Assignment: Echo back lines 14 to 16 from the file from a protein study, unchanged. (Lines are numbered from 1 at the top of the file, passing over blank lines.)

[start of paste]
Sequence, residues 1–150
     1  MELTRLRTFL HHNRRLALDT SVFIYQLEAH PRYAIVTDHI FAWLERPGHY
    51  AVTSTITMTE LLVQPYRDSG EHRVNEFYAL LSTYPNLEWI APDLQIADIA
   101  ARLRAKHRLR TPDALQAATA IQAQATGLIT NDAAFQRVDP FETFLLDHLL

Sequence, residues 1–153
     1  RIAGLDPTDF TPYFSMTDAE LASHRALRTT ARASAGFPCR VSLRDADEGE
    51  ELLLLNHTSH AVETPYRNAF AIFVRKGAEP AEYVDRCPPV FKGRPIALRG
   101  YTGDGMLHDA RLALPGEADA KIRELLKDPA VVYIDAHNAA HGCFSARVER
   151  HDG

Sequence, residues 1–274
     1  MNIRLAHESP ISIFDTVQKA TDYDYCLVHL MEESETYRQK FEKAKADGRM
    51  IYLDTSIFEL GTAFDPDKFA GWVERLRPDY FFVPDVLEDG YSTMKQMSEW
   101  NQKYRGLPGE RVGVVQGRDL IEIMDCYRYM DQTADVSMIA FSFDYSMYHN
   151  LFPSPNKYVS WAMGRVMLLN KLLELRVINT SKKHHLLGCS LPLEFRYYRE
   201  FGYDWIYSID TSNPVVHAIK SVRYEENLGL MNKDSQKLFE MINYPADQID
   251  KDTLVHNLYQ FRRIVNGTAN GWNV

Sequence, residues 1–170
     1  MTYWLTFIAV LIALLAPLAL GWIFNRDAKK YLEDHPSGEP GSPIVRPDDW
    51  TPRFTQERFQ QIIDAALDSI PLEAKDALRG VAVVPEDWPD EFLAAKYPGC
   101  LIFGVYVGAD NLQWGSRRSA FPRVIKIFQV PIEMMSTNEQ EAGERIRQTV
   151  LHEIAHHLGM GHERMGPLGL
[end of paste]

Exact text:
   151  LFPSPNKYVS WAMGRVMLLN KLLELRVINT SKKHHLLGCS LPLEFRYYRE
   201  FGYDWIYSID TSNPVVHAIK SVRYEENLGL MNKDSQKLFE MINYPADQID
   251  KDTLVHNLYQ FRRIVNGTAN GWNV